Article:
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Deve Gowda confirmed that JD(S) will participate in the Lok Sabha elections independently I File Photo

When Punjab farmers named a rice variety after Deve Gowda

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H D Deve Gowda often championed the cause of farmers and as a tribute to his commitment towards the community, peasants of Punjab named one of the finest varieties of paddy after him, says a biography of the former prime minister.

Gowda is known to have never violated the decorum of the House as a legislator and parliamentarian. But only once in his long career did he violate this self-imposed principle, and it was when the welfare of his loyal constituency of farmers was “threatened”, writes journalist Sugata Srinivasaraju in his book Furrows in a Field: The Unexplored Life of H D Deve Gowda.

Referring to incidents of July 31 and August 1, 1991, in Lok Sabha, the book recalls how during a heated discussion on Manmohan Singh’s first budget, Gowda had rushed to the well of the house to pressure the government to roll back its decision to end subsidies for the farm sector for over a three-year period.

“I am a farmer and a tiller’s son and I will not allow this. I will sit on a dharna. I will not go out from the House. It is not for publicity’s sake that I am doing it,” he had said.

In 2002, when farmer suicides were being reported from all across India, Gowda took a delegation of nearly 2,000 farmers from Karnataka by train to Delhi and got them an audience with the then prime minister Atal Bihari Vajpayee.

Also read: How Gowda going to Delhi as PM helped BJP come to power in Karnataka

“It was unprecedented, especially for a former prime minister to protest in this manner. People in Delhi were bewildered,” the book, published by Penguin Random House India, says.

“As a tribute to Gowda’s lifelong commitment to the farmers’ cause, and for his policy initiatives towards the peasant community, and the stellar pro-farmer budget of 1996-97, the farmers of Punjab named one of the finest varieties of paddy as ‘Dev Gowda’ [sic] after he stepped down as prime minister,” Srinivasaraju writes in the book.

“It is said the paddy variety was very popular for over two decades. Farmers who could not converse with Gowda in Punjabi, Hindi, Kannada or English had understood and acknowledged the man’s intent. Ironically, this tribute too remained little known, and unsung like all other things associated with Gowda,” he writes.

“A usually well-informed Gowda was himself not aware of this paddy variety until Karnataka cadre IAS officer from Punjab, Chiranjiv Singh, wrote about it in his Kannada newspaper column in 2014,” he adds.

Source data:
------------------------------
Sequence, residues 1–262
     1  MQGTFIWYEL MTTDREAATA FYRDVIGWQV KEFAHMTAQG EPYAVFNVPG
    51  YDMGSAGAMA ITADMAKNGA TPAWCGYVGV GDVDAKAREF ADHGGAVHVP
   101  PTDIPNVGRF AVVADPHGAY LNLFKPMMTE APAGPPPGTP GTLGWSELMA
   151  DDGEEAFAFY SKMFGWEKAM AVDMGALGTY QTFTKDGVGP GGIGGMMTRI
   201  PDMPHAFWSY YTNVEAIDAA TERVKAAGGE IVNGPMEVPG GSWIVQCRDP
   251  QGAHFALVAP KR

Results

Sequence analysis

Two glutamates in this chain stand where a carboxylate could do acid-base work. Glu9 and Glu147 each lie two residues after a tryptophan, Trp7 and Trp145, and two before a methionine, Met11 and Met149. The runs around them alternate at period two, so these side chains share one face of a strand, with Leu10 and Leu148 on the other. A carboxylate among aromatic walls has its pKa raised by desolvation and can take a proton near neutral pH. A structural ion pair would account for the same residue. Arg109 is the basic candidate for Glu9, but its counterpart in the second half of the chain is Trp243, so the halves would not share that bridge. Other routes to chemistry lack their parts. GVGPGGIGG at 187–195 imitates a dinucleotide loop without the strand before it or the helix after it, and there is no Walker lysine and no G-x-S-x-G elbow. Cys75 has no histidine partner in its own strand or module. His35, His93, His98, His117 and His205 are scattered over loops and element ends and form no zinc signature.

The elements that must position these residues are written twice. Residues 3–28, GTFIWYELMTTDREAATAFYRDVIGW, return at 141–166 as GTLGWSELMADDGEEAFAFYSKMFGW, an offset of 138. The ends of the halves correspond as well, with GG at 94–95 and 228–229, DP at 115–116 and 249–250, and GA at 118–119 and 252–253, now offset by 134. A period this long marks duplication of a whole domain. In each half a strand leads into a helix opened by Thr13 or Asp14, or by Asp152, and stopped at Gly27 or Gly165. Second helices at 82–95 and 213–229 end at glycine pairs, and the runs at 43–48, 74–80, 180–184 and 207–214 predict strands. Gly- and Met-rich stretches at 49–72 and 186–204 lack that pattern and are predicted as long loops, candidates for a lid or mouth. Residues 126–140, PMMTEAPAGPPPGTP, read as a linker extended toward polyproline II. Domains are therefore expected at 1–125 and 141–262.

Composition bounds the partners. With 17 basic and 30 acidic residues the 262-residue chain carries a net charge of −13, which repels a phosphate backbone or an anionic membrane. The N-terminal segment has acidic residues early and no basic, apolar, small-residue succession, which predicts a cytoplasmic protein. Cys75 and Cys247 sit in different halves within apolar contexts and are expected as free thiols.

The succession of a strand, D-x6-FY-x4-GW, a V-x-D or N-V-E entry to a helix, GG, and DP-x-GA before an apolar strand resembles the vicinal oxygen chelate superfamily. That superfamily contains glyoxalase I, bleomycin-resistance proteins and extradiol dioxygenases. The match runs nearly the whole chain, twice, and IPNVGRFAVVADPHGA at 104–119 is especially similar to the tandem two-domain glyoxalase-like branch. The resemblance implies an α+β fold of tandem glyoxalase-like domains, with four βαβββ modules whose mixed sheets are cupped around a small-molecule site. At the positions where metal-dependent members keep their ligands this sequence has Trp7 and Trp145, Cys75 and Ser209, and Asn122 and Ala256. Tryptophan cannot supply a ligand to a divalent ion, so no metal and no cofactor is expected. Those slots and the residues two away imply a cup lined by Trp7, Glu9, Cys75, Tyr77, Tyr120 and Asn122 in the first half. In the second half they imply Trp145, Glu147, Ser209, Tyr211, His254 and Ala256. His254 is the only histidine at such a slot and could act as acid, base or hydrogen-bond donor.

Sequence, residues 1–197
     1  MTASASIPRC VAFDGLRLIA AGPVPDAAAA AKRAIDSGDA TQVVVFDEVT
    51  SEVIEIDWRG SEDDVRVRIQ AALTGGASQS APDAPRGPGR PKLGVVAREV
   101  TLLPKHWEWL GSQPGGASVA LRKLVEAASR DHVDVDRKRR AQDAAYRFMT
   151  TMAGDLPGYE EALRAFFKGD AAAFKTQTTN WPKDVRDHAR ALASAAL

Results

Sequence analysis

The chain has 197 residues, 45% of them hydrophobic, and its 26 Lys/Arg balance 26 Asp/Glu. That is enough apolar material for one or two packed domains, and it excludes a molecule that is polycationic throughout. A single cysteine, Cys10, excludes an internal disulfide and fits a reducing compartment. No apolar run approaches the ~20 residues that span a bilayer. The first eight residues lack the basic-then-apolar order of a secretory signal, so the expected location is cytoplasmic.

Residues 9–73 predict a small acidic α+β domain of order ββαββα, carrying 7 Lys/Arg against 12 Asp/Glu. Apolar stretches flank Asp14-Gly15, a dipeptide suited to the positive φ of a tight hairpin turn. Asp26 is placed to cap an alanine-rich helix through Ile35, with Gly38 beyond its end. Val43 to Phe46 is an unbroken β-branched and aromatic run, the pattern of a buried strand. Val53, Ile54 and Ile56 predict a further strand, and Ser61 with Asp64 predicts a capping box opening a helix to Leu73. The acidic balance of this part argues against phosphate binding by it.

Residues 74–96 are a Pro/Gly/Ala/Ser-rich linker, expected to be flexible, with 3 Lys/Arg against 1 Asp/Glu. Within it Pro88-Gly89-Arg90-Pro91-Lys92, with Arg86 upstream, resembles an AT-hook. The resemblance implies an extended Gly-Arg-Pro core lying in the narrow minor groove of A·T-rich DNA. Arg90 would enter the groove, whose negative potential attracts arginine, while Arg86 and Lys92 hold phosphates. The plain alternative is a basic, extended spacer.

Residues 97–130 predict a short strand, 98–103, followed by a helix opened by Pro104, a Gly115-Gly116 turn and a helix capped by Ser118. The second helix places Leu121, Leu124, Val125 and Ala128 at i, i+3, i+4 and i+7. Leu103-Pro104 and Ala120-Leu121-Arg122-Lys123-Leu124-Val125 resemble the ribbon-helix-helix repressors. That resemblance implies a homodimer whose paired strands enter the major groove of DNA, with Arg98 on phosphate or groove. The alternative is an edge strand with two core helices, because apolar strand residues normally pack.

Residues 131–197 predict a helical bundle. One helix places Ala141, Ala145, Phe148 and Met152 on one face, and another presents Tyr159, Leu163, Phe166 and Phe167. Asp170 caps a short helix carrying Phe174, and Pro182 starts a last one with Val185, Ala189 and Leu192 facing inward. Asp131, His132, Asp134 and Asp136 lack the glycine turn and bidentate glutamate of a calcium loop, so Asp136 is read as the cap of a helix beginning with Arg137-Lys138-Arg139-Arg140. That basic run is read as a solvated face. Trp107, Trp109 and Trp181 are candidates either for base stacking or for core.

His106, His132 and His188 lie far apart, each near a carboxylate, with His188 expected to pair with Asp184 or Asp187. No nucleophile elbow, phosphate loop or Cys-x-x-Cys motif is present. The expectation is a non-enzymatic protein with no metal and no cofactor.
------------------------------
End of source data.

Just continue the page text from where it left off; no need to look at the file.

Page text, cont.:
The association with paddy, the association with the soil, the association with a staple diet of a people was the most magical and original metaphors that could have been thought of for Deve Gowda, the author says.

The book also says how, in 1996, Mahendra Singh Tikait, the farmer leader from the same western Uttar Pradesh belt as Charan Singh, hailed Gowda as the “Choudhary Charan Singh of the south” at a meeting in Muzaffarnagar.

Gowda has been in public life for nearly seven decades. He started at the very bottom, as a member of the Holenarasipur Taluk Development Board and reached the very top as India’s 11th prime minister, in 1996.

In between, he was an independent legislator, spent long years as leader of opposition in the Karnataka assembly, had been an effective irrigation and public works minister, and chief minister in 1994 after many missed opportunities.

Even 25 years after he stepped down as prime minister, he has remained relevant in Indian politics.

The book also describes in detail interactions between Gowda and Vajpayee among several other things.

The two would not have interacted as much if they had not been prime ministers and former prime ministers, and if one had not preceded and succeeded the other, it says.

Gowda succeeded Vajpayee immediately after his first 13-day brush with power, and there was the motion of confidence in which the two came face to face for the first time on the floor of the Parliament.

“Gowda and Vajpayee were two very different people. Vajpayee was essentially a Hindi person, Gowda used English to communicate, which in reality was notches above Vajpayee’s felicity. If Vajpayee was full of rhetoric, flourish, and pregnant silences, Gowda was always about dry details, documents and a kind of drawl,” the author says.

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